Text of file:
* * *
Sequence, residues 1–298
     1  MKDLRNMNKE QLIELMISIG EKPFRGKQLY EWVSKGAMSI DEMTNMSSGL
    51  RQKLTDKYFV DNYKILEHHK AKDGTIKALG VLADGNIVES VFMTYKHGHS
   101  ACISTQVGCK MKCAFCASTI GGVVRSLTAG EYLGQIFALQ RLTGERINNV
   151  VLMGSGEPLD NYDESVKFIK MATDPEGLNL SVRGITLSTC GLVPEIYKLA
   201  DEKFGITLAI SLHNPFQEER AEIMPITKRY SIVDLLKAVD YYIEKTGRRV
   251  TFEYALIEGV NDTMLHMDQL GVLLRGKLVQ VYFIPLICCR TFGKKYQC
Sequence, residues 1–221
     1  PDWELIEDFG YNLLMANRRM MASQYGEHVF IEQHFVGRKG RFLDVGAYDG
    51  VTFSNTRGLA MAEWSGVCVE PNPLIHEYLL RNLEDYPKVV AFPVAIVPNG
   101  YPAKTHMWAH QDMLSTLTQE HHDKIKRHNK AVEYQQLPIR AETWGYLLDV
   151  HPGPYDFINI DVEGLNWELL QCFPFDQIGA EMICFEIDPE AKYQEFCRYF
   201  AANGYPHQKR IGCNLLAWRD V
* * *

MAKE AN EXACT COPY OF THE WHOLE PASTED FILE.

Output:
Sequence, residues 1–298
     1  MKDLRNMNKE QLIELMISIG EKPFRGKQLY EWVSKGAMSI DEMTNMSSGL
    51  RQKLTDKYFV DNYKILEHHK AKDGTIKALG VLADGNIVES VFMTYKHGHS
   101  ACISTQVGCK MKCAFCASTI GGVVRSLTAG EYLGQIFALQ RLTGERINNV
   151  VLMGSGEPLD NYDESVKFIK MATDPEGLNL SVRGITLSTC GLVPEIYKLA
   201  DEKFGITLAI SLHNPFQEER AEIMPITKRY SIVDLLKAVD YYIEKTGRRV
   251  TFEYALIEGV NDTMLHMDQL GVLLRGKLVQ VYFIPLICCR TFGKKYQC
Sequence, residues 1–221
     1  PDWELIEDFG YNLLMANRRM MASQYGEHVF IEQHFVGRKG RFLDVGAYDG
    51  VTFSNTRGLA MAEWSGVCVE PNPLIHEYLL RNLEDYPKVV AFPVAIVPNG
   101  YPAKTHMWAH QDMLSTLTQE HHDKIKRHNK AVEYQQLPIR AETWGYLLDV
   151  HPGPYDFINI DVEGLNWELL QCFPFDQIGA EMICFEIDPE AKYQEFCRYF
   201  AANGYPHQKR IGCNLLAWRD V